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LEAF legal director reflects on her five years advocating for women

|Written By Aidan Macnab
LEAF legal director reflects on her five years advocating for women
Kim Stanton says the experience of sexual assault victims and violence against indigenous women entered the public consciousness much more during her time at LEAF.

Kim Stanton, former legal director for Women’s Legal Education and Action Fund, has joined Goldblatt Partners LLP in Toronto.

During her five years at LEAF, Stanton’s work included fighting for abortion rights, intervening in court cases involving violence against indigenous women and other issues concerning women’s equality in Canada. In 2016, she was appointed advisor on the newly created federal advisory council on gender-based violence.

“It was an incredibly rewarding and challenging time and I just thought that it was probably time for me to be doing something a little different,” Stanton says. “I think it’s healthy for people in those roles to make way for other people to take them on and new energy to come into an organization.”

While at LEAF, Stanton says, there were two issues that entered the public consciousness to a great extent — the experience of sexual assault victims in the justice system and violence against indigenous women. These issues came to the fore with the #metoo movement and “I believe survivors” in the wake of the Harvey Weinstein revelations and the Jian Ghomeshi trial, as well as the National Inquiry into Missing and Murdered Indigenous Women and Girls.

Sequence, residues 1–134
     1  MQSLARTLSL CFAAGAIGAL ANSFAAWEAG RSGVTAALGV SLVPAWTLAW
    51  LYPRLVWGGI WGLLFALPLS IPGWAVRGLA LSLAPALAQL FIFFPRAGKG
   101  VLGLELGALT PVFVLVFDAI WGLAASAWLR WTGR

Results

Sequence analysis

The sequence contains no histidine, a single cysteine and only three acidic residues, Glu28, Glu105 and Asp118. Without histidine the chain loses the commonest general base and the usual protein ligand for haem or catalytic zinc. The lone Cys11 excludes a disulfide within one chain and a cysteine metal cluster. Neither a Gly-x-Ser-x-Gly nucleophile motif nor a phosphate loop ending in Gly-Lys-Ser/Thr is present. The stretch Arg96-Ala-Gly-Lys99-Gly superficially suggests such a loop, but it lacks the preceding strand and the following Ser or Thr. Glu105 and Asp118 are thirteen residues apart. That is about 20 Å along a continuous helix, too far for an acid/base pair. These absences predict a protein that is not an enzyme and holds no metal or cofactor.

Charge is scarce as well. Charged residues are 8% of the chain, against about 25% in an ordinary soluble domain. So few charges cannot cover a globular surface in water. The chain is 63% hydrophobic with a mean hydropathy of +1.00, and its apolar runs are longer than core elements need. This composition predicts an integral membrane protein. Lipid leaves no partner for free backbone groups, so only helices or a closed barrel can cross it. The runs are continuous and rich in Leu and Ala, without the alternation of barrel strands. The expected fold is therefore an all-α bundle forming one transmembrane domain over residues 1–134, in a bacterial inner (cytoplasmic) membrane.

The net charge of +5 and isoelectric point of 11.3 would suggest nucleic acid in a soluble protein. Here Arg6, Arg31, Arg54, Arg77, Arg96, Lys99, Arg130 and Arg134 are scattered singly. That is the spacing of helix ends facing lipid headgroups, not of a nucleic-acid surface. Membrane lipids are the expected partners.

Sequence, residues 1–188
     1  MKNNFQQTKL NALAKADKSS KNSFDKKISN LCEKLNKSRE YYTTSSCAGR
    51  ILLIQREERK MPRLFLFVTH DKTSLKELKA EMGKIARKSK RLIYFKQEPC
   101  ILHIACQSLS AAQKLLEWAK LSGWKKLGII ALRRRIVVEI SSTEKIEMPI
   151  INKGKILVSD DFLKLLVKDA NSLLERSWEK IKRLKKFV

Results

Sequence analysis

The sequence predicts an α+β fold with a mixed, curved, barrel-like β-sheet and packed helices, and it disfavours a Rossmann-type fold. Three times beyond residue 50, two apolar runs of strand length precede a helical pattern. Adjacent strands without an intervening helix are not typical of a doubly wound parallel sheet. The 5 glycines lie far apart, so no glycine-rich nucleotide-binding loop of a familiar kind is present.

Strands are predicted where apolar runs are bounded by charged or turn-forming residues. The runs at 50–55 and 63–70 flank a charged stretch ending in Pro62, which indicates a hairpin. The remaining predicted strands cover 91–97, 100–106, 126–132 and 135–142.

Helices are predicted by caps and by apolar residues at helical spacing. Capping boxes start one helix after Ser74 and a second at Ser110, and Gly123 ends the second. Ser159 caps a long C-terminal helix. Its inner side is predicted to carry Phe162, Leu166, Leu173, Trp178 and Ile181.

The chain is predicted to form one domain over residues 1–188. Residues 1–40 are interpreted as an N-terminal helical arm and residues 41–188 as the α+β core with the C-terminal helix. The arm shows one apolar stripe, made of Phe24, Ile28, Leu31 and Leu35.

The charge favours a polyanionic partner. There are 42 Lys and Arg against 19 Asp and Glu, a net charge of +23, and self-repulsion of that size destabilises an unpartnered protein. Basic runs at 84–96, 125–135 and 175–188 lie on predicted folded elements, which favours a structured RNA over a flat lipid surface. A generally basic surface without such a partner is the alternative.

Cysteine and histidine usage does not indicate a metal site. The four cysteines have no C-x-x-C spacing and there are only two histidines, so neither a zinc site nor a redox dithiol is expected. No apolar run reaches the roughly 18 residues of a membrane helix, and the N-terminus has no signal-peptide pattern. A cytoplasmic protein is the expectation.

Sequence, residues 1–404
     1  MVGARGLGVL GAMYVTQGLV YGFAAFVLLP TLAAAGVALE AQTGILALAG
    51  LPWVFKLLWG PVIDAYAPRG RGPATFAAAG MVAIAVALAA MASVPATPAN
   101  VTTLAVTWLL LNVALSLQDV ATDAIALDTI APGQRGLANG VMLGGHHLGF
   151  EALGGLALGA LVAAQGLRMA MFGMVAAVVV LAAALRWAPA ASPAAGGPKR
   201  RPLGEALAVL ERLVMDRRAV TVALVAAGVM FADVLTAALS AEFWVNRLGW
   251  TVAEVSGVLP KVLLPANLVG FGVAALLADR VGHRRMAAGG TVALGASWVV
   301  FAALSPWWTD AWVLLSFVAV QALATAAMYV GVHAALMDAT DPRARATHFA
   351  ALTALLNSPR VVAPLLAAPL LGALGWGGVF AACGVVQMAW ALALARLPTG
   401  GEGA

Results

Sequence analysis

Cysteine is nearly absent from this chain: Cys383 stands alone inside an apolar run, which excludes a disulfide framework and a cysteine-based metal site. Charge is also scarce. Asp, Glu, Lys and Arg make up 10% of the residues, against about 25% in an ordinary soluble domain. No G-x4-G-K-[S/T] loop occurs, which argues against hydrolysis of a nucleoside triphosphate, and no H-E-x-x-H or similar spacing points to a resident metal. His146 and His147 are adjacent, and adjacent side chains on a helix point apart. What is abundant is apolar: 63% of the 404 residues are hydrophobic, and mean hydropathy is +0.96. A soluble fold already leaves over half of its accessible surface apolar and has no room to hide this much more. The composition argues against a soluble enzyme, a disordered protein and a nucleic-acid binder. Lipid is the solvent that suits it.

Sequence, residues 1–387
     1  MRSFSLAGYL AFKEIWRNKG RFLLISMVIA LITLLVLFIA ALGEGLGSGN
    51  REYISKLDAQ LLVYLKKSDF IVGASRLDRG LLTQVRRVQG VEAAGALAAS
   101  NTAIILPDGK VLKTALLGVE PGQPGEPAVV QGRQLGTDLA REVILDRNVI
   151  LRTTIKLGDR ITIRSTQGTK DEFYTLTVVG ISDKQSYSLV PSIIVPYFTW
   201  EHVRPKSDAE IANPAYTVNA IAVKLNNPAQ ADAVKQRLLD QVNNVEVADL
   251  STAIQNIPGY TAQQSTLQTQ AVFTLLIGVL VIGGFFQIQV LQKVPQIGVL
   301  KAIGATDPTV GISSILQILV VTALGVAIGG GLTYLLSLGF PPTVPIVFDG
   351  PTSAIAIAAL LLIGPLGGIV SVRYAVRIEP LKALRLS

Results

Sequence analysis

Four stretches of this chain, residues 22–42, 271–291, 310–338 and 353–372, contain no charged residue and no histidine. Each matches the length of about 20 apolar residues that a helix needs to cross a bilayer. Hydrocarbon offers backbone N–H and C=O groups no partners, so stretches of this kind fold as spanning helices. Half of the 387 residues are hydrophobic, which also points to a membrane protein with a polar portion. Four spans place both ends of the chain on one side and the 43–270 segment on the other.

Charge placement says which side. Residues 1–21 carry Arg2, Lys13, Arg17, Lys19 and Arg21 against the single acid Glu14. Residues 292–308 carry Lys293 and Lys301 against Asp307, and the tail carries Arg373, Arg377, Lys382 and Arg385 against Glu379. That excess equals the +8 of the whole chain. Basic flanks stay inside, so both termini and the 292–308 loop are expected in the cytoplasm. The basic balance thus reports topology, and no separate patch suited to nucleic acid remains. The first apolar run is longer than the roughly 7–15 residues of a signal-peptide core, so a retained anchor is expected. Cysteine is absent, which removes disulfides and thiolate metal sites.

“Those two areas of work were a large part of my day-to-day focus,” she says.

Stanton says that an opportunity arose at Goldblatt to “really focus on indigenous rights work.”

She got to work on an aboriginal title case involving the Cree Nation of Eeyou Istchee.

In 2016, the James Bay Cree Nation commenced a lawsuit against the governments of Ontario and Canada to have aboriginal title over Eeyou Istchee. The Cree Nation is seeking damages of $495 million. The area in question is around 48,000 square kilometres south of James Bay and west of the border between Quebec and Ontario.

The aboriginal title claim on Eeyou Istchee, the entire territory spanning a northern portion of both Ontario and Quebec, comes after the Agreement on Cree Nation Governance, which stemmed from negotiations between various Cree First Nations and the federal government.

“It’s going to be a pretty interesting and engaging and long-standing piece of litigation. So, it’s something quite involved that I can really dig into,” Stanton says.

This effort in aid of indigenous land claims follows a time at LEAF where Stanton and the organization’s advocacy for women often involved indigenous women.

Stanton says she originally wanted to work for international human rights organizations, but, given Canada’s own record of human rights violations, it made more sense to her to stay close to home.